Skip to comments.Love rat tamed with a single gene (HELP FOR CLINTON?)
Posted on 06/17/2004 10:35:40 PM PDT by MadIvan
All it needs is a single gene to make the promiscuous meadow vole change its ways (Image: U.S. National Park Service)
They changed the behaviour of the meadow vole, Microtus pennsylvanicus, by implanting a single gene into its genome, and reported their results in the current issue of the journal Nature.
This playboy of the grasslands thinks nothing about mating with several females at one time and leaving them to rear his offspring while he wanders off in search of his next conquest.
But the meadow vole's cousin, the prairie vole (Microtus ochrogaster) is a model of fidelity.
After mating, the male prairie vole sticks close to his partner, protects her jealously and looks after the little ones after they are born.
This is such a rare thing in nature, fewer than 5% of male mammals are monogamous, that the prairie vole has become a celebrity in biology labs.
Previous studies have shown that its brain is studded with receptors for the hormone vasopressin, which seems to encourage pair-bonding.
Intrigued by this, researchers led by Miranda Lim and Larry Young at Emory University in Atlanta, Georgia, implanted a gene for the V1a receptor in question in the brains of the promiscuous meadow voles.
They tucked the gene into a harmless virus that delivered the V1a gene to the ventral pallidum region of the voles' brains.
Lothario behaviour lost
What happened next was dramatic.
Once, the voles were Don Juans forever on the cruise. Now, they had a chosen partner, and would only ever mate with her.
Even when temptresses came by and flaunted their voley charms, the genetically-modified males only had eyes for that one partner.
The study theorises that when the modified meadow vole has sex, his brain release vasopressin, which is picked up by the V1a receptors.
They, in turn, unleash serotonin, a feel-good" hormone, to flood the brain.
Put together, it means the vole associates the feeling of reward when he has sex with this specific mate, and does not want to prejudice that sensation by having sex with others, according to this notion.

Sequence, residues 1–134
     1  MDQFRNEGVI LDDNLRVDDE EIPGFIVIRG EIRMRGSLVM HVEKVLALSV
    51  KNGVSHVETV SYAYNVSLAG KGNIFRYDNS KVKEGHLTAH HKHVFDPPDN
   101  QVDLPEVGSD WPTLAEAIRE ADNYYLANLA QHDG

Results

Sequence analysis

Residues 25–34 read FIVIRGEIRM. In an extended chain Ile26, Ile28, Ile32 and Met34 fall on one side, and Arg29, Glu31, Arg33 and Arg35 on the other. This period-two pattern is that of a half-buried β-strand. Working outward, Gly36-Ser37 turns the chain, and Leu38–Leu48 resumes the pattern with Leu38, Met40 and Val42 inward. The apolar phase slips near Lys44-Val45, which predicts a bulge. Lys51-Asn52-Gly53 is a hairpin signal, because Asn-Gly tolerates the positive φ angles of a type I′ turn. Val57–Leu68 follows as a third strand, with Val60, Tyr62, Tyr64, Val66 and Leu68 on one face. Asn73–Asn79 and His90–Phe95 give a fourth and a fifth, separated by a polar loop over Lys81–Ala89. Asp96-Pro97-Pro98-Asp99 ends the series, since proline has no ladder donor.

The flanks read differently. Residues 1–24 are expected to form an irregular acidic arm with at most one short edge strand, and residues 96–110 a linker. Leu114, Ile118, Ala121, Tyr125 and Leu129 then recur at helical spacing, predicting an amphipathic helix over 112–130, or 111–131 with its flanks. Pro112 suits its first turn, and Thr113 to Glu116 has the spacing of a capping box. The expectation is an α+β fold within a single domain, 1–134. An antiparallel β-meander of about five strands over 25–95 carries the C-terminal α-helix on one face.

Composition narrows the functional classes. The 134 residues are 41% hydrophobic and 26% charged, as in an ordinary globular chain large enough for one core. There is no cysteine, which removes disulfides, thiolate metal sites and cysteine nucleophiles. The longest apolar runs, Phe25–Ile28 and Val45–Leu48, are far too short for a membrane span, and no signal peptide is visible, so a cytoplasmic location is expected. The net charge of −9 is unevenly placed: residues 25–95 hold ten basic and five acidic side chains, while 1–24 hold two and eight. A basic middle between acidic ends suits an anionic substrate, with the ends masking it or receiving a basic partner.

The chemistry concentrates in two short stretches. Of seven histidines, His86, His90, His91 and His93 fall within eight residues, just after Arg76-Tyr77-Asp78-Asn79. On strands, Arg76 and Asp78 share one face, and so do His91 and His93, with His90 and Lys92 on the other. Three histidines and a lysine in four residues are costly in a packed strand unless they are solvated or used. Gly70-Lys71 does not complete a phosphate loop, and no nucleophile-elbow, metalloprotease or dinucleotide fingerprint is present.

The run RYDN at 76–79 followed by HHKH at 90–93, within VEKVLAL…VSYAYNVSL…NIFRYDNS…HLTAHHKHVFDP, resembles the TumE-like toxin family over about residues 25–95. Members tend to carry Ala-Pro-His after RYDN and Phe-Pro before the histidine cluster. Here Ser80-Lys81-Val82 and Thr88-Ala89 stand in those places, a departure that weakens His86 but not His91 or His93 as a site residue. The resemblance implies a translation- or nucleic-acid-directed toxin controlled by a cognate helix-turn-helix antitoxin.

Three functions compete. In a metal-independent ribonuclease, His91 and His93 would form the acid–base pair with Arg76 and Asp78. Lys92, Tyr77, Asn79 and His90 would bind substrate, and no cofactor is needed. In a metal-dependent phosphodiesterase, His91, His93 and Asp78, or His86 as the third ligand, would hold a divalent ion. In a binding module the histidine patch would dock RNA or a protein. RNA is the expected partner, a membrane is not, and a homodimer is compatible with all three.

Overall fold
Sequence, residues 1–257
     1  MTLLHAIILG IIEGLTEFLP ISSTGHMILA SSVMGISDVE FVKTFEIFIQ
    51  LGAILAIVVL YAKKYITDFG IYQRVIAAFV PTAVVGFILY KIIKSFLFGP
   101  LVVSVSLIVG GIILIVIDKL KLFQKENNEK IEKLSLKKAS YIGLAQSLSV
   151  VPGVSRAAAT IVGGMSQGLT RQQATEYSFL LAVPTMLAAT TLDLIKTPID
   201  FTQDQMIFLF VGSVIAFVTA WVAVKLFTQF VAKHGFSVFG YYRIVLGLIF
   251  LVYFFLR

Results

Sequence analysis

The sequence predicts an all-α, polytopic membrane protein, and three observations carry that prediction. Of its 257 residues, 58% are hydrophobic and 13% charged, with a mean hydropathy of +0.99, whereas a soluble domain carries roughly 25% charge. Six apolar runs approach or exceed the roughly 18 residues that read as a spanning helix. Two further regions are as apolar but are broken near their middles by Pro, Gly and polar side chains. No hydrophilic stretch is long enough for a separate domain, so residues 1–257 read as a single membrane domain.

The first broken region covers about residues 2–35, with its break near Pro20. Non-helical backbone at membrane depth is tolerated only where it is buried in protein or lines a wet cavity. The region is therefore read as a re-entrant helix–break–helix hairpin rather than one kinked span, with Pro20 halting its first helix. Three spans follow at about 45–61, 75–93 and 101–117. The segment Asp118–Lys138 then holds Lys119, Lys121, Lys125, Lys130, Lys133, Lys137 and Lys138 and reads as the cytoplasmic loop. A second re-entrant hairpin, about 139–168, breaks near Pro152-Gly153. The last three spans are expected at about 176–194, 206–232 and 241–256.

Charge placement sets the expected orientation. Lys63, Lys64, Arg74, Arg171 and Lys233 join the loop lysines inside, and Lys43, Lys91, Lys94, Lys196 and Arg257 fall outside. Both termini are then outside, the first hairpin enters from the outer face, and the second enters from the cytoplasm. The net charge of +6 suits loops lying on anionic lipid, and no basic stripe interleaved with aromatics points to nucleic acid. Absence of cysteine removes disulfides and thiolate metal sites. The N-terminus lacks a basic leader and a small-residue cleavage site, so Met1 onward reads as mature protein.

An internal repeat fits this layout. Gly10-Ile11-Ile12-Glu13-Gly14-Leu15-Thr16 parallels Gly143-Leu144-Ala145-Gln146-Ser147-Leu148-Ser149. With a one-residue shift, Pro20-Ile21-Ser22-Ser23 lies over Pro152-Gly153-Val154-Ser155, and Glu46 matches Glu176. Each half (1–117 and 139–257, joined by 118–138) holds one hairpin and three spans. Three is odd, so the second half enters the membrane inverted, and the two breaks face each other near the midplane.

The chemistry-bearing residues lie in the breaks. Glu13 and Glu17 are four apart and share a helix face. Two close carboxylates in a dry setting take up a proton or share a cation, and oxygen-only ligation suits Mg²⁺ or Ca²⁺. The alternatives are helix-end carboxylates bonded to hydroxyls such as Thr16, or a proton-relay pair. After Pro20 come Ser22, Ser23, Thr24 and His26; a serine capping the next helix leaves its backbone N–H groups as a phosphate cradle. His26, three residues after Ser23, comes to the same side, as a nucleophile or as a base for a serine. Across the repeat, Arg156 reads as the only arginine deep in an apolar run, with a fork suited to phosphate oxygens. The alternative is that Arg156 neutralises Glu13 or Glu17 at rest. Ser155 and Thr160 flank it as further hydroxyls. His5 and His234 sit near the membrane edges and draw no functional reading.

In a commentary in the same issue of the journal, U.S. anthropologist Melvin Konner, said the work helped strengthens theories that an "organic subculture", our genes and the chemicals they produce, lies at the root of the psychology of relationships.
That theory is bitterly contested by sociologists, who say social forces and environmental influences are the primary moulds that condition human bonds.
"We are a long way from a commitment pill, but perhaps closer to a neurology of romance," said Konner.
"We do not yet know if a similar system helps explain male attachment in non human primates, much less humans. But a medicine that might someday be offered to certain men is an interesting prospect."
Where morality fails there's chemistry....
That is probably the funniest line in a more or less serious article I have read in a long time.
Hmmmmmmm seems this might be helpful to alot of people.......
She's no vole. She be a shrew....
Well I don't know, make all the Clinton/Vole/Dole jokes you want, this sounds like something out of Brave New World to me.
I'm sure each of us has some flaw or sin of which our betters would like to rid us.
Macrotus arkansicus might need three and a Vac/Pump.
There is no help for Bill Clinton.
Hilary likes the marriage just the way it is!
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